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The contribution of housing renovation to children’s blood lead levels: a cohort study

Adam J Spanier1*, Stephen Wilson2, Mona Ho3, Richard Hornung3 and Bruce P Lanphear345

Author Affiliations

1 Department of Pediatrics, Penn State University Hershey Medical Center, HS83, 500 University Drive, P. O. Box 850, Hershey, PA 17033-0850, USA

2 Department of Medicine, University of Cincinnati, 231 Albert Sabin Way, Cincinnati, OH 45267-0535, USA

3 Cincinnati Children’s Hospital Medical Center, 3333 Burnet Avenue, Cincinnati, Ohio 45229-3026, USA

4 Child and Family Research Institute, British Columbia Children’s Hospital, 950 West 28th Ave., Vancouver, BC, Canada V5Z 4H4

5 Faculty of Health Sciences, Simon Fraser University, 8888 University Drive, Burnaby, B.C., Canada V5A 1S6

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Environmental Health 2013, 12:72  doi:10.1186/1476-069X-12-72

The electronic version of this article is the complete one and can be found online at: http://www.ehjournal.net/content/12/1/72


Received:2 April 2013
Accepted:24 August 2013
Published:27 August 2013

© 2013 Spanier et al.; licensee BioMed Central Ltd.

This is an Open Access article distributed under the terms of the Creative Commons Attribution License (http://creativecommons.org/licenses/by/2.0), which permits unrestricted use, distribution, and reproduction in any medium, provided the original work is properly cited.

Abstract

Background

Routine renovation of older housing is a risk factor for childhood lead poisoning, but the contribution to children’s blood lead levels is poorly defined for children with lower exposure levels.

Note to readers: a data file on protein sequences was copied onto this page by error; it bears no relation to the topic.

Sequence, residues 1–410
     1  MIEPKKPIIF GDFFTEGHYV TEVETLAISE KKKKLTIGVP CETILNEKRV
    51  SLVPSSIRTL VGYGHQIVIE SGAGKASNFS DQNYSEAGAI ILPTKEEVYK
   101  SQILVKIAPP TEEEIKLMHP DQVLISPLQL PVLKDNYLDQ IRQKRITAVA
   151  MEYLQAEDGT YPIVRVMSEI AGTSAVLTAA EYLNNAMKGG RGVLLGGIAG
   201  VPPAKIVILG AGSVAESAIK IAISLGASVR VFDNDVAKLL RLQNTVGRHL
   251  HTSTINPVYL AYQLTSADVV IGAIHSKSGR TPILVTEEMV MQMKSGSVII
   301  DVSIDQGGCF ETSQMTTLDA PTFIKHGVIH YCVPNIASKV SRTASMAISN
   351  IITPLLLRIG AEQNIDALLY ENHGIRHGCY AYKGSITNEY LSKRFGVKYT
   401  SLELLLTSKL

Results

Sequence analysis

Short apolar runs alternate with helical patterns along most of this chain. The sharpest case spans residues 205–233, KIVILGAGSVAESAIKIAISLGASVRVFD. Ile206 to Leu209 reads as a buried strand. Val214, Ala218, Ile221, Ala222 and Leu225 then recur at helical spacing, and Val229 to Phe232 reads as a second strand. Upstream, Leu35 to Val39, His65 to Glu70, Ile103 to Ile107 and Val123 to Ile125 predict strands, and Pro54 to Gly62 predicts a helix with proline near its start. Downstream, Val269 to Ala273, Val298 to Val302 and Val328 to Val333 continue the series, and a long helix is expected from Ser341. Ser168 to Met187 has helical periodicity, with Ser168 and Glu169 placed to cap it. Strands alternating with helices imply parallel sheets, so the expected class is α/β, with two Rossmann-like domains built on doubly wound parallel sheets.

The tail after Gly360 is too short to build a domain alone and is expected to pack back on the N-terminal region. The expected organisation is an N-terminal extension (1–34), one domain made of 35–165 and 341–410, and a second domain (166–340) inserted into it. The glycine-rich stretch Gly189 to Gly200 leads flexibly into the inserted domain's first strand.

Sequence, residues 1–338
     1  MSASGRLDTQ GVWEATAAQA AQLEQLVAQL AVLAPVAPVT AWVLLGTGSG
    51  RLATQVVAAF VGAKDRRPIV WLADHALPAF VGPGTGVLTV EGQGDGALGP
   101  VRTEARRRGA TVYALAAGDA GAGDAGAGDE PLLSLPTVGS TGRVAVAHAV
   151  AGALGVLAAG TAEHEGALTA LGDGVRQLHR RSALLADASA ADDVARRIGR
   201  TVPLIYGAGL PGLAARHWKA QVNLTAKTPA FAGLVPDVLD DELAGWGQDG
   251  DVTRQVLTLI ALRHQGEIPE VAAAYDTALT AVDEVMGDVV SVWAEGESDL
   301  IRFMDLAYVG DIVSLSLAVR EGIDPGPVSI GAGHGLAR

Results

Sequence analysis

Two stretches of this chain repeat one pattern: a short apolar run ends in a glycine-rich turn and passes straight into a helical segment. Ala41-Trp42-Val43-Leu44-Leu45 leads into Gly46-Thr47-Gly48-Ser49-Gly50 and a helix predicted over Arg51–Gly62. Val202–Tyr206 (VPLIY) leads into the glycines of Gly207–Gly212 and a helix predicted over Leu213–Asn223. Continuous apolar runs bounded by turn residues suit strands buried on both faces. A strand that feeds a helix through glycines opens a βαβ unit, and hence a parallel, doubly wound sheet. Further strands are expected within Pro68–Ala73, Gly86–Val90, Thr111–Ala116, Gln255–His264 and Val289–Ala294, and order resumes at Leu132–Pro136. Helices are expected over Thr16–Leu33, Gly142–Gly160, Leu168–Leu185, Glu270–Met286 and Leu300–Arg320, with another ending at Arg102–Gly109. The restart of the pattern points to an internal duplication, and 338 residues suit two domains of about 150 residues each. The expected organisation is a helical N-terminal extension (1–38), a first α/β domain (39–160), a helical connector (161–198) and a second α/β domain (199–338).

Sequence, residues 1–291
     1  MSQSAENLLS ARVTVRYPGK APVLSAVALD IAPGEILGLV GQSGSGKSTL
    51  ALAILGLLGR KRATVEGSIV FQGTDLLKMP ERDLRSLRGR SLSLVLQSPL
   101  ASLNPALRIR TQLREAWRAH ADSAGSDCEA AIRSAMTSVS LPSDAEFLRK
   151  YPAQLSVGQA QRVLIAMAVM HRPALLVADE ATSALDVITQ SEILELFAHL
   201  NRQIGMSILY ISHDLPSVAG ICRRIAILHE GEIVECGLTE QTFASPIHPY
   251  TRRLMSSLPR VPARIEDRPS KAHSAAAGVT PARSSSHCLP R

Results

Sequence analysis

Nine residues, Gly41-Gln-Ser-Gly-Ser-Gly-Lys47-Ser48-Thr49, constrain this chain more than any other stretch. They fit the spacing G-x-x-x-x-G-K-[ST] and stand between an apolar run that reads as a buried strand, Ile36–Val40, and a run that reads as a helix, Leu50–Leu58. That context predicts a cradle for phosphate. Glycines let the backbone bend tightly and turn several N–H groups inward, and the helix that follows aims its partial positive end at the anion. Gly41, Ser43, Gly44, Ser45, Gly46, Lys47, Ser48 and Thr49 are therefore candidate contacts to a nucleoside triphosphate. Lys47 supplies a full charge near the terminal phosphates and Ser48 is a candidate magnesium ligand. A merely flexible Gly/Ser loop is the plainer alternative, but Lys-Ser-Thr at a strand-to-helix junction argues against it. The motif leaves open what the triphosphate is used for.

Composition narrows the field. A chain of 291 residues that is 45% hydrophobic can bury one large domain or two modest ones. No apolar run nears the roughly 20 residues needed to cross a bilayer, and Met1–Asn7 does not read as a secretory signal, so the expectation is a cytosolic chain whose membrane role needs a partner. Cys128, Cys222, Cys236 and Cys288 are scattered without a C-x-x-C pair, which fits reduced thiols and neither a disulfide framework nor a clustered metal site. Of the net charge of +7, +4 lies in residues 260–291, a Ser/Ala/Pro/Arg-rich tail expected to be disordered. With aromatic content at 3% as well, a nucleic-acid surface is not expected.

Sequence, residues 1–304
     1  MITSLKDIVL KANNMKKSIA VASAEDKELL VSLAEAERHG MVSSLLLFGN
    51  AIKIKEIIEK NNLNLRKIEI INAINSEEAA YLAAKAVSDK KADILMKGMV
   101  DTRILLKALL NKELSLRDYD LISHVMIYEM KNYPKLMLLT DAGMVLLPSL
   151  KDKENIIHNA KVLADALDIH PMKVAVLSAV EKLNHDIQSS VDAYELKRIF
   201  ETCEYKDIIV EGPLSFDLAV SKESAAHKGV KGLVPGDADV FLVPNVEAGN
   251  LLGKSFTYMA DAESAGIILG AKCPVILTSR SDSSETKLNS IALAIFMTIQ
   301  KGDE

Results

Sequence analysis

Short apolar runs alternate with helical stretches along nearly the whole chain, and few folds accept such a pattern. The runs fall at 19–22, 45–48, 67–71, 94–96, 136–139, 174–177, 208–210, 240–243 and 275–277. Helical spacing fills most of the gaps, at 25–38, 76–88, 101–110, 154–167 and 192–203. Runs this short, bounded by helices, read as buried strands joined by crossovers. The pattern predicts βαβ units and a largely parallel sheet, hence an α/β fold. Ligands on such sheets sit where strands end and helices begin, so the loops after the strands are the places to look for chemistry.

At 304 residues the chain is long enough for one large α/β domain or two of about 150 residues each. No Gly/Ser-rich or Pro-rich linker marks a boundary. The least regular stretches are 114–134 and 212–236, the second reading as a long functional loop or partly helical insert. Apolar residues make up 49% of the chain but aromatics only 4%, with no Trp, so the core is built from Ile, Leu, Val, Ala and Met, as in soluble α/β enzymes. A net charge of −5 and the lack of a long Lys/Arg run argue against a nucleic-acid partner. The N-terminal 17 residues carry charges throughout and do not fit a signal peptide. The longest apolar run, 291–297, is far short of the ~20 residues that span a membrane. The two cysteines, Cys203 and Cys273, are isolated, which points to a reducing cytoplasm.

Methods

We examined a prospective cohort of 276 children followed from 6 to 24 months of age. We conducted surveys of renovation activities and residential lead hazards and obtained blood lead level (B-Pb) every six months. We analyzed B-Pb in a repeated measures design using a mixed effects linear model.

Results

Parent reported interior renovation ranged from 11 to 25% of housing units at the four, 6-month periods. In multivariable analysis, children whose housing underwent interior renovation had a 12% higher mean B-Pb by two years of age compared with children whose housing units were not renovated (p < 0.01). The time between renovation and the child blood lead sample was associated with higher B-Pb (p-value for trend <0.01); compared to children in non-renovated housing, children whose housing units underwent renovation in the prior month had a 17% higher mean B-Pb at two years of age, whereas children whose housing renovation occurred in the prior 2–6 months had an 8% higher mean B-Pb. We also found an association between higher paint lead loading, measured using an X-ray fluorescence (XRF) based paint lead index, and child B-Pb (p = 0.02); for every 10 mg/cm2 increase in paint lead loading index there was a 7.5% higher mean childhood B-Pb.

Conclusions

In an analysis of data collected before the recent changes to Environmental Protection Agency’s Lead, Renovation, Repair and Painting Rule, routine interior housing renovation was associated with a modest increase in children’s B-Pb. These results are important for the provision of clinical advice, for housing and public health professionals, and for policymakers.

Keywords: